It is true that pretty much all communities in the republic, including the Hindu community despite the reforms thus far made within it, continue to practice personal laws which offend not just gender justice but a sheaf of what any objective scrutiny would show to be practices unacceptable to the best human reason, and violative of universal human rights.
But the remedy for that reality is not the uniformity bulldozer. It is for all communities to determine to evolve further from where they find themselves in their social and moral evolution into egalitarian laws that meet the test of rationality and equity among all members of any community.
For example, Muslim men in charge of administering Muslim personal laws must answer why, since Muslim women have the enlightened right to consent or not to a wedding arrangement in a nikah, they should not likewise have an equal right of divorce.
And let us not be fooled by the retort that they too have the right in the manner of khula, since permission to exercise that right must in the first place come from men in religious authority.
Patriarchy at its canniest, if you like.
Reforms thus must be made by the community itself, since neither do non-community members have the right to do this for them, nor, even if they did have such right, could absolute uniformity ever actually be achieved by any Nero in place.
When proponents of the UCC fail to meet rational argument, they advance the fact that Article 44 of the Directive Principles of State Policy recommends efforts be made to achieve a UCC.
That the Article in question makes no suggestions as to what procedure may be adopted or what shape this UCC may take is not mentioned.
Let us then look at another Article inscribed within the same Directive Principles of State Policy, five rungs above the one on a UCC.
Article 39 in three parts, makes the following stipulations:
- That all resources underneath the land belong to the people who have the first right to them: do they? Is the government of the day asking for this to be recognised?]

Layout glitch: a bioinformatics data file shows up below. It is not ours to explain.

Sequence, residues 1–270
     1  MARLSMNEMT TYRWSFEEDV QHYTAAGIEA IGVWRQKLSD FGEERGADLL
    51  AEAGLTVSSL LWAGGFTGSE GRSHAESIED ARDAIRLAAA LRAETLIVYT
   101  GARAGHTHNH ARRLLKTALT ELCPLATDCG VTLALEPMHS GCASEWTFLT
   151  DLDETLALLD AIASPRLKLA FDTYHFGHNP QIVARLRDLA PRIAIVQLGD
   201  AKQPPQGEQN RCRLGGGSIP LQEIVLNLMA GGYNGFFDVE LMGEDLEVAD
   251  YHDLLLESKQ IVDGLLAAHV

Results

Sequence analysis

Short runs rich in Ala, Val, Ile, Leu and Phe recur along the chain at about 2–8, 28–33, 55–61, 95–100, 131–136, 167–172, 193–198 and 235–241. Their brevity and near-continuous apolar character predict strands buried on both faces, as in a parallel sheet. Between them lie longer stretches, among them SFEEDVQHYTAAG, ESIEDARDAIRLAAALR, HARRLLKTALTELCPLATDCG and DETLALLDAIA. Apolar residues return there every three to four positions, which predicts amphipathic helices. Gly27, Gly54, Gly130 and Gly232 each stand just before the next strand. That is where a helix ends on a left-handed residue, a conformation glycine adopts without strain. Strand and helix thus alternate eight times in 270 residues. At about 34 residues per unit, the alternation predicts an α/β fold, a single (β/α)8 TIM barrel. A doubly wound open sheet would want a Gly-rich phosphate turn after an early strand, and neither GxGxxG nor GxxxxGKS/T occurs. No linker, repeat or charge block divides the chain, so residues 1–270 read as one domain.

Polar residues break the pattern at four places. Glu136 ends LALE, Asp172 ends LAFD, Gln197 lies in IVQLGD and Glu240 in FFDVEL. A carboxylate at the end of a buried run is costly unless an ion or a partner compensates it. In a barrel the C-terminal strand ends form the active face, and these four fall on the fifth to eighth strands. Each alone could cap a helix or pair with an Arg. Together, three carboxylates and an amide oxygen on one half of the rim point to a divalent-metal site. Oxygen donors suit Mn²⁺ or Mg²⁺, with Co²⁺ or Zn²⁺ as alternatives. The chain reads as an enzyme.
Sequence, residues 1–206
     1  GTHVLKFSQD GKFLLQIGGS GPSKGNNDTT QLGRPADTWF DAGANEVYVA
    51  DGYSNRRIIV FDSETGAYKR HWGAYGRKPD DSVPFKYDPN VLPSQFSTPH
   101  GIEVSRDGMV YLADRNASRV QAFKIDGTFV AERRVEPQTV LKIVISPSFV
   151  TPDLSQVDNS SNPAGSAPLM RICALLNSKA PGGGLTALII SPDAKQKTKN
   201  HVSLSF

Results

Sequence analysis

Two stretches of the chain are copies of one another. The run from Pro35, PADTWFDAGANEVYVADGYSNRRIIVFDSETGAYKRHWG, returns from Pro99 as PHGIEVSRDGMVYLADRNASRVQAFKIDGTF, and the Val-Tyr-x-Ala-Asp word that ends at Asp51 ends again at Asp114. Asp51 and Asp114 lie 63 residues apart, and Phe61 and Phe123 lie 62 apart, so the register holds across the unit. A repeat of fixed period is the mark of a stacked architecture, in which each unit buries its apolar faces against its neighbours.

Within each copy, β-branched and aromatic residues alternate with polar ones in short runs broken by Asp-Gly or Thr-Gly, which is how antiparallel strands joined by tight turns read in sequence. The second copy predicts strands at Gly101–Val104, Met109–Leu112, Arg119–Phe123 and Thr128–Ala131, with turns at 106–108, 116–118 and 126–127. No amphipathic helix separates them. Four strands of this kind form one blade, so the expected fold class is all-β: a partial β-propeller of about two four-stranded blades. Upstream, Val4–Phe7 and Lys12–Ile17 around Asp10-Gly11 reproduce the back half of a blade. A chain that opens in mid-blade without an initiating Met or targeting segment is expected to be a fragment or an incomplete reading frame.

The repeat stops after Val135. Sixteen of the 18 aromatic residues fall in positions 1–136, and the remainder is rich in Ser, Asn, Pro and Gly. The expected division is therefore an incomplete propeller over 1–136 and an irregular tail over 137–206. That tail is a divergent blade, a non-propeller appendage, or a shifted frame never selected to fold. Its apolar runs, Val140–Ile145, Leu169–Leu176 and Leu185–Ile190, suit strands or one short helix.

- That the state must try to ensure that concentration of wealth within a few hands is prevented from happening at all costs: is it not a fact that the last nine years have seen the grossest concentration of wealth within a few private hands?
- That inequalities of income be reduced to the barest minimum: never have such inequalities been more gruesomely large than under the Modi regime.
By any reckoning, the implementation of Article 39 should be the top priority of any government seeking to spread good cheer among the largest numbers of citizens, irrespective of caste, creed, language, ethnicity, region or community personal laws.
So why is there never any clamour for the implementation of Article 39?
What, we may ask, most affects the quality of life of the maximum number of Indians? That they marry, divorce, inherit, adopt etc. all in one and the same way, or that they enjoy the same capacities to participate in the economy as much as possible?
Even as news comes of a brute lumpen urinating on a tribal in Madhya Pradesh, the uniformity-seeking rulers have already suggested they will make an exception in the matter of tribal populations.
After all, in Madhya Pradesh where elections to the state assembly are due soon, tribals number some 30% of the population.
Any uniformity thrust on them could prove life-threatening; and thank god for that.
But then, why may other communities not be granted the same respite, and an opportunity to work on the reforms most certainly needed within their communities?
It is no secret that the political target of the proposed measure is the Muslim community.
It must be admitted that this community, as many others, does have work to do.
But, as in the case of the abolition of the obnoxious triple talaq provision, it were best that members of the community itself took up the task, showing the way to others who also need reforms.
Nobody is fooled as to the real intent of the clamour for a UCC.
It is to both divide Muslims and Hindus again, and to consolidate the latter’s vote for the all-important general elections of 2024.
Why, after all, did we hear nothing of this over the last five long years of the second Modi government?
Not surprisingly, this call for oneness is another canny ploy to divide rather than unite.
Badri Raina taught at Delhi University.